This article originally appeared at The Jerusalem Post. A long green cloud appears in the night sky and hovers next to the moon. It then breaks into witch-like fingers and descends to earth. I’ll never forget that scene, as well as the eerie music accompanying it. It comes from the classic 1956 film The Ten … Continue reading Ye shall do this, ye shall do that: Making sense of Passover (from a non-Jewish point of view)
In “Becoming Parents to Ourselves” Eldar Sarajlic, an assistant professor of philosophy at the City University of New York, offers some words of wisdom on parenthood. Although he gets stuck in the weeds at some point and assumes that our personal identities are built on rational reflections (when they are also built on chance or … Continue reading Hey Parents: Let Your Children Be Radical Novelties!
I’ve always thought that life is too short, the world too big, and the wonders of existence too many, to specialize in anything. But today’s ruling ethos says that specialization is the key to advancing career-wise or to becoming a celebrated pianist. Is this really true?
What is American “philosophy” nowadays? Does our culture end at commercialism, video games, Netflix and the NFL? In a recent article – “What Happened to Philosophy in America?” – Michael Sutherland seems to think so. He claims philosophical thinking is in short supply in the land of the free (land of the distracted is more like it).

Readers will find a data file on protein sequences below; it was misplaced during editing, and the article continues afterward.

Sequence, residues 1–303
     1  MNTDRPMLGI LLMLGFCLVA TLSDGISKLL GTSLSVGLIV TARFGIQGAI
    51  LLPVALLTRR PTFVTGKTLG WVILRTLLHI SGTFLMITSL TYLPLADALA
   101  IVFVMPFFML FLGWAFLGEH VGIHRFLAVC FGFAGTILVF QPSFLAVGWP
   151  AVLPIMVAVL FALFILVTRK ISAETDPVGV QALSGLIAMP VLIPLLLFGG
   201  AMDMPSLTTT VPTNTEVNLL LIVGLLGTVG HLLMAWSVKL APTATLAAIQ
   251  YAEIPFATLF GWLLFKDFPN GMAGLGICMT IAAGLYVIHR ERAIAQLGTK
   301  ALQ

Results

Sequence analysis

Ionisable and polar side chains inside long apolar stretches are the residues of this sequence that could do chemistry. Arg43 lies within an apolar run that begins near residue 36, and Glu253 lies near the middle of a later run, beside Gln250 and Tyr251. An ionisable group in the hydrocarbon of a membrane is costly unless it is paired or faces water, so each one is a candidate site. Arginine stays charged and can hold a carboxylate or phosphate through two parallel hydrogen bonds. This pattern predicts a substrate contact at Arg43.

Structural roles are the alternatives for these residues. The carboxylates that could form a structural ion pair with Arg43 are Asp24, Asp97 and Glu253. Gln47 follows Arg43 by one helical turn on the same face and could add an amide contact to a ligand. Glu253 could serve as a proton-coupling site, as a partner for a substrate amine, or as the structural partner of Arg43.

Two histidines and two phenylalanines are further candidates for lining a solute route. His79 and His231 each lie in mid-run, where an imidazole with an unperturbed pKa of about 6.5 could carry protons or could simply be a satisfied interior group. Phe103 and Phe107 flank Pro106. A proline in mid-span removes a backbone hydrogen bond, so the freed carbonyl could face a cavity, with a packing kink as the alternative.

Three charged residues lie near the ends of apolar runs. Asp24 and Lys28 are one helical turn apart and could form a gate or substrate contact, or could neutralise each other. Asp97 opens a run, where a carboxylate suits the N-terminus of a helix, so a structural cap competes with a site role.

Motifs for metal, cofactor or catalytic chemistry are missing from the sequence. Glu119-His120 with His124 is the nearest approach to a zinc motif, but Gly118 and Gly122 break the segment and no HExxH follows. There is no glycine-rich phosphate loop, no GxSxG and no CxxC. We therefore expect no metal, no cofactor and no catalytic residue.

An “observer columnist” at The Guardian thinks an idea is valid only if a name is attached to it. Kenan Malik, the columnist in question, was discussing the recently proposed “Journal of Controversial Ideas.” The journal, according to Jeff McMahan, a professor of moral philosophy at Oxford University and an initiator of the project, “would … Continue reading A Journal for ‘Controversial Ideas’ in Sensitive Times… Why Not?
In this public radio broadcast, Georgetown University philosopher Jason Brennan makes the case for an “epistocracy”: the rule of the knowledgeable.
Chinese online news sources recently reported the unveiling of a gigantic statue of Confucius in Qufu, Shandong province, in Eastern China, the birthplace of the ancient philosopher.
A meandering and at times highly questionable article in The Guardian titled “How feelings took over the world” can be summarized in brief with a few quotes. Ok, it’s not really a summary but a distillation of the article’s most interesting ideas. So what? To all those exhaustive types out there—sue me.